But we don't need the absurd concept of "Tech Debt" for effective analysis. We can be specific. We can be clear. Does my system need to support low latency in the face of 1M concurrent users? Yes or no. Now proceed.
"Tech Debt" is such a ridiculous dodge to otherwise avoid real analysis, real work, real clarity.
I don't like the term technical debt at all. It's really just a way of saying a feature is willfully incomplete in some respect. A feature that using pulls from git instead of having a CMS isn't debt-laden anymore than a house without a garage is.
I've always believed that "debt" is not a great term for this. Because it does not really apply to financial debt.
Financial debt is often repaid simply by bringing in more revenue because of the benefits gained from bringing on the initial debt. The only risk involved in the debt is that there will not be enough money to pay it back later. It is a very predictable and obvious issue.
Technical debt is closer to educated gambling. You are taking a risk that the shortcuts you are taking will not pop up and hurt your company before you fix them. You are essentially saying, "We know this is a problem, but we are estimating that it won't hurt us for the foreseeable future".
The better analogy to technical debt is investing. You are getting a certain percentage increase in productivity(a dividend or other capital gain) for the (hopefully low risk) gamble that your investment will not have a problem and wipe it out or simply cause significant losses.
Developers typically do not like this because when the inevitable few cases of these "investments" turn bad, they tend to be the ones that take on the majority of the blame.
Tech Debt, to me, grows with every line of code you write that didn't replace a line of code. Consider how many projects start with the idea, 'I'll rewrite this and get rid of the tech debt'.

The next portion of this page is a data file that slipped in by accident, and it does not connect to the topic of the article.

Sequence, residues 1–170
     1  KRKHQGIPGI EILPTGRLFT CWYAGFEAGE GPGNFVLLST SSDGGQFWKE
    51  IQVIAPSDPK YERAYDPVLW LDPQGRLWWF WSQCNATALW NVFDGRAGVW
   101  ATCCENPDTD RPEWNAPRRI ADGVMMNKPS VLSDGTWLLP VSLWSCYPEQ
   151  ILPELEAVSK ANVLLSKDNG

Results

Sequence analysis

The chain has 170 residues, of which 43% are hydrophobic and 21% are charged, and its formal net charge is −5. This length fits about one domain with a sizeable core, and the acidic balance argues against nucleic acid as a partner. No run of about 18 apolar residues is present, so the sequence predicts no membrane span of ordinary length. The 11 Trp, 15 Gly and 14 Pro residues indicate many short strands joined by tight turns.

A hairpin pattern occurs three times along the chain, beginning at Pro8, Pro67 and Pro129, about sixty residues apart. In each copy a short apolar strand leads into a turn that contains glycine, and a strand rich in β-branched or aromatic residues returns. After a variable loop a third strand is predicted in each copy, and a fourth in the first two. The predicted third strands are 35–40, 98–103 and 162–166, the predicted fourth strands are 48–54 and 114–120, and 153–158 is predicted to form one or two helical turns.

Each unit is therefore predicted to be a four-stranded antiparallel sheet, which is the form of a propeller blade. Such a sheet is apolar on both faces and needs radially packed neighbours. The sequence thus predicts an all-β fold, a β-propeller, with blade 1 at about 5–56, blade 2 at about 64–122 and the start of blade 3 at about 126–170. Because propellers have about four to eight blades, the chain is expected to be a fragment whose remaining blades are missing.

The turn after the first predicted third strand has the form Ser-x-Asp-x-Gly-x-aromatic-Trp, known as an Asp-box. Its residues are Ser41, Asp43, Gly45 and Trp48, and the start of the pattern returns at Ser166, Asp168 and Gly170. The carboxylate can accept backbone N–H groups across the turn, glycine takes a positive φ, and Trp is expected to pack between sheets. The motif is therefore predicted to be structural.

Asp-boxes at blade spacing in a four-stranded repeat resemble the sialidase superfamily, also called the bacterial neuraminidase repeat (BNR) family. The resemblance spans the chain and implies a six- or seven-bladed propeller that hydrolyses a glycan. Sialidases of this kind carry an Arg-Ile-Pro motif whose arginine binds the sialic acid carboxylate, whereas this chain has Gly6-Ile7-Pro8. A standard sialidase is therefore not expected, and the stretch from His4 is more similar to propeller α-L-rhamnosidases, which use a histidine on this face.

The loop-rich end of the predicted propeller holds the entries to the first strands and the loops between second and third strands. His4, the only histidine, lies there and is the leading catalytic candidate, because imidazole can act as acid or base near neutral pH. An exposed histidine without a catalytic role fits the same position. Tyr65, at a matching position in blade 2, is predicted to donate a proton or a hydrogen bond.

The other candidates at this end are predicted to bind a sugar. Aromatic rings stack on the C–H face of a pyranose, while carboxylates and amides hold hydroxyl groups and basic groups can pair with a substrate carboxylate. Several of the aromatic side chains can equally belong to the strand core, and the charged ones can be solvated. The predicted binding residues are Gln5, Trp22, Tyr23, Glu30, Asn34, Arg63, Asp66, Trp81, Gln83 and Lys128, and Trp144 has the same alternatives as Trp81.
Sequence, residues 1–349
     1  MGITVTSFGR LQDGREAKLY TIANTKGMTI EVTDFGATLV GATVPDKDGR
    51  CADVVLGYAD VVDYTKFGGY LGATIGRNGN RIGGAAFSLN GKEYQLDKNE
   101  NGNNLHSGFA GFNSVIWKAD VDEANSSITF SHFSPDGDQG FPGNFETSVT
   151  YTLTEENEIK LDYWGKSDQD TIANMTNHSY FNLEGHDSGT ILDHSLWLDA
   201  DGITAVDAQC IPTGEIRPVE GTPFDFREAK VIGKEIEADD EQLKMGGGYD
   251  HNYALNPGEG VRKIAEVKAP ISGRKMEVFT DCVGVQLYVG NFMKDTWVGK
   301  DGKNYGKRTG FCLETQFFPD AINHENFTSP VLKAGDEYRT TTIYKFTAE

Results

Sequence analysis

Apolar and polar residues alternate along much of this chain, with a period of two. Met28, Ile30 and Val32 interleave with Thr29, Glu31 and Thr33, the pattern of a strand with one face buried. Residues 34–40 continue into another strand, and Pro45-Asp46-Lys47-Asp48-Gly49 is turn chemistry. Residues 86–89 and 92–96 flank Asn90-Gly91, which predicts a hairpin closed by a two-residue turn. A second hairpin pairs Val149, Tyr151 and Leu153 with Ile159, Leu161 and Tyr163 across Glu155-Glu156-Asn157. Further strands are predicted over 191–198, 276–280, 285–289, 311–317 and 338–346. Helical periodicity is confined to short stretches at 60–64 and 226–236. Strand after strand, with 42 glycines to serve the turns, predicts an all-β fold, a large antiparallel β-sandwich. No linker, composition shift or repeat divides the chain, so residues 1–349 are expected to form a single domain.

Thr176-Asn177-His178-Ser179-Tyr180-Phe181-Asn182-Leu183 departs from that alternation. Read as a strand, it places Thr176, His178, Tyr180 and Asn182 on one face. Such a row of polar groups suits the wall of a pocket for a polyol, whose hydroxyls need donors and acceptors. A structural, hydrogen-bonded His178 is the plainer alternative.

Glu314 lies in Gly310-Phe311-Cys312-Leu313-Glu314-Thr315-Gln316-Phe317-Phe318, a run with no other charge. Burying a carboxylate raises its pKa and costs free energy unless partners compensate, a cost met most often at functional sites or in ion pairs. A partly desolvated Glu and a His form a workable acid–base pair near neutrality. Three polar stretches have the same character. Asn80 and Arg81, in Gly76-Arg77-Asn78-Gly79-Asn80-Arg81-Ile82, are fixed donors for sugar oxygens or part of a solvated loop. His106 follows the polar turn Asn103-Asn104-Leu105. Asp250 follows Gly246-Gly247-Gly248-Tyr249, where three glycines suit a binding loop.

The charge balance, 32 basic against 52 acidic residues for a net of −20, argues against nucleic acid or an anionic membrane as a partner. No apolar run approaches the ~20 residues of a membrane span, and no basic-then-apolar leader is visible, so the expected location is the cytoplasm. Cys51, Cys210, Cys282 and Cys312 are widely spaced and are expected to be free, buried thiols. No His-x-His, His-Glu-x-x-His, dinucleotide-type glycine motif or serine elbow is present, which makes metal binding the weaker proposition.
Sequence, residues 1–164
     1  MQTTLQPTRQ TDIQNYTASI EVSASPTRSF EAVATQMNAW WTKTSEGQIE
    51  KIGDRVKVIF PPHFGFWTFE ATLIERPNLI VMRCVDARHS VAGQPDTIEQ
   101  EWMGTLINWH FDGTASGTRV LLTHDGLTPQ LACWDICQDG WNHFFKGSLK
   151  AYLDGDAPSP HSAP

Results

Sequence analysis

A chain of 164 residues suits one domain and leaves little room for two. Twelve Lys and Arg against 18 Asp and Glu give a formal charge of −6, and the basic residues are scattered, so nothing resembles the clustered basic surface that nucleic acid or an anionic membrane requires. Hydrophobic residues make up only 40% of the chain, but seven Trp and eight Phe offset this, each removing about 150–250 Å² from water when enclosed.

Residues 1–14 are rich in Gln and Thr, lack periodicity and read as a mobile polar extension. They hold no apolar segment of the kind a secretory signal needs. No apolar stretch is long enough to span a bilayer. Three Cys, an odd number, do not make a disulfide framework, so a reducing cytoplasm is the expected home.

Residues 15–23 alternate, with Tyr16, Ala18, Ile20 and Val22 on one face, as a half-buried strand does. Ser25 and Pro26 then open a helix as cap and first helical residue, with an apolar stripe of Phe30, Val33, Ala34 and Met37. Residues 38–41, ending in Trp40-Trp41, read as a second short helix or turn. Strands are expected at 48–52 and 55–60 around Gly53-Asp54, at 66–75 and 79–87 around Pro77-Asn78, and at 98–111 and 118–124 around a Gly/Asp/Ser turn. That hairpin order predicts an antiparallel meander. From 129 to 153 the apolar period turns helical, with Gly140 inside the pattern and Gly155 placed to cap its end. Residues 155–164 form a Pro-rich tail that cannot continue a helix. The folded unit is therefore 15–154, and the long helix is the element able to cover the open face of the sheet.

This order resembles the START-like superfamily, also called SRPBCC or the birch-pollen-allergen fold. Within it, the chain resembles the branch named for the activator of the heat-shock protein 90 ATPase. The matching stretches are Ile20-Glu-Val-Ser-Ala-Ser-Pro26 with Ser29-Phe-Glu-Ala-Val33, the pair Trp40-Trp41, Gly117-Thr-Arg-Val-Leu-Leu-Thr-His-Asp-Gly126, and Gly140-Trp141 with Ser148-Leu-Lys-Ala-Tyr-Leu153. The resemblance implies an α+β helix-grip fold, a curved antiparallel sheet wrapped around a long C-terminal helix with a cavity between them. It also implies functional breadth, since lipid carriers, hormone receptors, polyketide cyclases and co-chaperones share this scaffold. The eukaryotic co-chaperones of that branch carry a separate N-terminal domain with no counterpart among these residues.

First, If the original code isn't deleted, you've added to the tech debt. Now every new engineer will need to learn two chunks of code, and every existing engineer will need to support both.
Second, unless you've had a major epiphany between the old code and the new code, you're more likely to run into the trap of the first example. Major epiphany's could be, 'wow, we really didn't need all of that extra stuff', or, 'we've duplicated so much code, we should re-organize this all'.
I've been at plenty of companies where you have to understand that the Perl code is really old and these components use that, the Mason rewrite was 80% done and is over there, the Next Gen code was in Ruby these components do that. But now, we're embarking on a new Node/React project to replace all of it, finally going to get rid of the tech debt! (Said with no sarcasm)
And I would say that's an example of when it can be good to purposefully take on technical debt.
In my experience there have been plenty of significant refactorings that simply would not have been done if we didn't allow ourselves to get into this state where there is simultaneously an old and a new way of doing something.
Especially if it's an area that sees frequent addition - it's not helpful to have people constantly adding code in the old way while off to the side people are trying to create a new way and completely finish switching everything over to it before integrating.